Justice Harlan, in a concurring opinion that was both prescient, while also rooted in his dissent in an earlier decision (Poe v. Ullman (1961)), based his decision on the Fourteenth Amendment, which provides that no state shall “deprive any person of life, liberty, or property, without due process of law.” Due process, he argued, is more than a set of procedural protections, such as the right to cross-examine witness at a trial. It also provides substantive protection against laws that arbitrarily or irrationally deprive a person of his or her “liberty.” But how is a judge supposed to determine just what “liberty” is constitutionally protected? The liberty not to be imprisoned without a trial is obvious; the liberty to be free of government interference with one’s use of contraceptives is far from obvious. Justice Harlan candidly acknowledged this difficulty in Poe v. Ullman, to which he cited in Griswold:
Due process has not been reduced to any formula; its content cannot be determined by reference to any code. The best that can be said is that through the course of this Court’s decisions it has represented the balance which our Nation, built upon postulates of respect for the liberty of the individual, has struck between that liberty and the demands of organized society. If the supplying of content to this Constitutional concept has of necessity been a rational process, it certainly has not been one where judges have felt free to roam where unguided speculation might take them. The balance of which I speak is the balance struck by this country, having regard to what history teaches are the traditions from which it developed as well as the traditions from which it broke. That tradition is a living thing. A decision of this Court which radically departs from it could not long survive, while a decision which builds on what has survived is likely to be sound. No formula could serve as a substitute, in this area, for judgment and restraint.
The dissenting justices in Griswold, Justices Black and Stewart, would have none of this. Absent a clear textual prohibition in the federal constitution against states regulating the sale and use of contraceptives, their position was that the Supreme Court had no business striking down the Connecticut law. The majority’s decision to do so anyway was a clear usurpation of the legislative power. As Justice Black wrote:
The due process argument which my Brothers HARLAN and WHITE adopt here is based, as their opinions indicate, on the premise that this Court is vested with power to invalidate all state laws that it considers to be arbitrary, capricious, unreasonable, or oppressive, or on this Court’s belief that a particular state law under scrutiny has no “rational or justifying” purpose, or is offensive to a “sense of fairness and justice.” If these formulas based on “natural justice,” or others which mean the same thing, are to prevail, they require judges to determine what is or is not constitutional on the basis of their own appraisal of what laws are unwise or unnecessary. The power to make such decisions is, of course, that of a legislative body. Surely it has to be admitted that no provision of the Constitution specifically gives such blanket power to courts to exercise such a supervisory veto over the wisdom and value of legislative policies and to hold unconstitutional those laws which they believe unwise or dangerous. I readily admit that no legislative body, state or national, should pass laws that can justly be given any of the invidious labels invoked as constitutional excuses to strike down state laws. But perhaps it is not too much to say that no legislative body ever does pass laws without believing that they will accomplish a sane, rational, wise and justifiable purpose. While I completely subscribe to the holding of Marbury v. Madison, 1 Cranch 137, and subsequent cases, that our Court has constitutional power to strike down statutes, state or federal, that violate commands of the Federal Constitution, I do not believe that we are granted power by the Due Process Clause or any other constitutional provision or provisions to measure constitutionality by our belief that legislation is arbitrary, capricious or unreasonable, or accomplishes no justifiable purpose, or is offensive to our own notions of “civilized standards of conduct.” Such an appraisal of the wisdom of legislation is an attribute of the power to make laws, not of the power to interpret them. The use by federal courts of such a formula or doctrine or whatnot to veto federal or state laws simply takes away from Congress and States the power to make laws based on their own judgment of fairness and wisdom, and transfers that power to this Court for ultimate determination — a power which was specifically denied to federal courts by the convention that framed the Constitution.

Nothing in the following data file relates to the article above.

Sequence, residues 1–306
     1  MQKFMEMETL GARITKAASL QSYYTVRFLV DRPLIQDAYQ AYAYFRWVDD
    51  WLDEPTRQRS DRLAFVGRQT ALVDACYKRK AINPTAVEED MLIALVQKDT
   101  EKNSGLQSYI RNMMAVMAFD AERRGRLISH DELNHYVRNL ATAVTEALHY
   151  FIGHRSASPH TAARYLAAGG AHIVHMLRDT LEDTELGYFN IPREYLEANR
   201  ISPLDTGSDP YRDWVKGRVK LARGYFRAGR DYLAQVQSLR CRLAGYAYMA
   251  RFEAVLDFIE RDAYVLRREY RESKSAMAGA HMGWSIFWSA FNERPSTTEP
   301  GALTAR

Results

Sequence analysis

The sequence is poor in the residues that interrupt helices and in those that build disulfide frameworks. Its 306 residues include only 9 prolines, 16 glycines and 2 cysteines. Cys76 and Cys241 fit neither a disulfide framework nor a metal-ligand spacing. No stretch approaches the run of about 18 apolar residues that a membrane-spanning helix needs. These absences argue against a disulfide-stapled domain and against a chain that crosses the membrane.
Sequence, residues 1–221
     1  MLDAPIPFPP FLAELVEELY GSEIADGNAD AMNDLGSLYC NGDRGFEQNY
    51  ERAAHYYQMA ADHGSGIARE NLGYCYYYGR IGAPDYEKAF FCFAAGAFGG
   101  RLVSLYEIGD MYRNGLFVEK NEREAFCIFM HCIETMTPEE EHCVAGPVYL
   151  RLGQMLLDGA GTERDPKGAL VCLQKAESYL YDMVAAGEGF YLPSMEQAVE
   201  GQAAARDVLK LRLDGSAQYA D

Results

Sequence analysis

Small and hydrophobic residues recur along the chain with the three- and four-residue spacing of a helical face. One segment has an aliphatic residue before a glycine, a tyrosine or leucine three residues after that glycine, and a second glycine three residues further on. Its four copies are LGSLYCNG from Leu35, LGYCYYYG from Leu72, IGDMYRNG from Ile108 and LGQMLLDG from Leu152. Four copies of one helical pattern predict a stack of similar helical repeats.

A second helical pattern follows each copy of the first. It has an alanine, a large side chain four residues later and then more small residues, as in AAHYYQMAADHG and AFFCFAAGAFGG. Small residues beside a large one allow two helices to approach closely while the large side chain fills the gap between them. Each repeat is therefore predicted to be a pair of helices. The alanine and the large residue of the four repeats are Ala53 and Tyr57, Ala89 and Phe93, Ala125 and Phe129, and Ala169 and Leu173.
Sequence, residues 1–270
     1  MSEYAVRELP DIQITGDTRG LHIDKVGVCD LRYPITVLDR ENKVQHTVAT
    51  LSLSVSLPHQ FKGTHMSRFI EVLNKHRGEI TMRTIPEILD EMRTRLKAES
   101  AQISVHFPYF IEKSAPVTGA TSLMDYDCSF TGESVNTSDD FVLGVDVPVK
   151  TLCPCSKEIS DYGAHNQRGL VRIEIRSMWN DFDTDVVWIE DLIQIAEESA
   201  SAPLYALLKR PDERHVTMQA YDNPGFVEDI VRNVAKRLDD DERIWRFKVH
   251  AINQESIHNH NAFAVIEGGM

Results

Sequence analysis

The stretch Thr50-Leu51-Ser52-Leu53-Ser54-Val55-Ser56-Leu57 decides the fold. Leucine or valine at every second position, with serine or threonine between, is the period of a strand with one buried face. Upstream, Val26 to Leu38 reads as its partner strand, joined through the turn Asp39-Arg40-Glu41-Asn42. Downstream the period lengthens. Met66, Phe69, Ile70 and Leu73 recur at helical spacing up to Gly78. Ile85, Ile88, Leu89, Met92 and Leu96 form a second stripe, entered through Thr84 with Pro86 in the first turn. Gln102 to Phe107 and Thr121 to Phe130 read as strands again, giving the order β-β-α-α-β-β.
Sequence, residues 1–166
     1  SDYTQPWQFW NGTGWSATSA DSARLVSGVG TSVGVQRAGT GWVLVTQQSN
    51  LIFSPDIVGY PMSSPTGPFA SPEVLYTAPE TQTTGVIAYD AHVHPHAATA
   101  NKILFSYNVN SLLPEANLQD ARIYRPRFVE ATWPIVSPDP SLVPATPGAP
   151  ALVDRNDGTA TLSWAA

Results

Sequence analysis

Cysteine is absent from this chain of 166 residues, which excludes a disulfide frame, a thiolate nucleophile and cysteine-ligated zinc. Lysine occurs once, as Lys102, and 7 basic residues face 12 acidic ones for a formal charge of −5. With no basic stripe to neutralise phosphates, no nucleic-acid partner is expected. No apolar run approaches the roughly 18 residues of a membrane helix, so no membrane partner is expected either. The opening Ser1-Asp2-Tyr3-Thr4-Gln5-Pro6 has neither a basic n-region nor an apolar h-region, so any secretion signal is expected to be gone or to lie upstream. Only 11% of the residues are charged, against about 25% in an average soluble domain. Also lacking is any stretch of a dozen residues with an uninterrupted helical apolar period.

In sum, that courts have the power to strike down laws that violate the federal or state constitutions is settled. The exact circumstances under which they may exercise that power legitimately are not.
III. Judicial Review and the Santiago Decision
What does any of the above have to do with the Connecticut Supreme Court’s decision in Santiago? Very simply, the issue in Santiago was whether a law the Connecticut General Assembly passed in 2012–which repealed the death penalty, but only prospectively–was constitutional. Thus, the case asked the Supreme Court to exercise its power of judicial review. The ensuing debate concerns whether the court, in holding that the death penalty was unconstitutional under all circumstances, exercised that extraordinary power legitimately. The dissenting justices argue, persuasively in my opinion, that the majority did not exercise that power legitimately. And I say that as someone who strongly opposes the death penalty.
Some readers may be tempted to say that just because three dissenting justices disagree with the majority’s decision does not make that decision an illegitimate exercise of the court’s judicial review power. Hey, reasonable people can disagree, right? In general, I agree with that proposition; appellate judges often have reasonable disagreements about how a case should be decided or what the constitution means in any given case. However, the mere fact that a panel of judges have a disagreement does not necessarily mean that both sides of the argument are reasonable. (By analogy, lawyers often are at odds over the meaning of a statute, but courts are fond of saying that just because two lawyers disagree over the meaning does not automatically make the statute ambiguous.) Sometimes, when you analyze a decision closely, the flaws in the legal analysis become so clear that it is fair to call into question the very legitimacy of the decision as a proper exercise of the power of judicial review. That, I am sorry to say, is the problem with the majority decision in Santiago.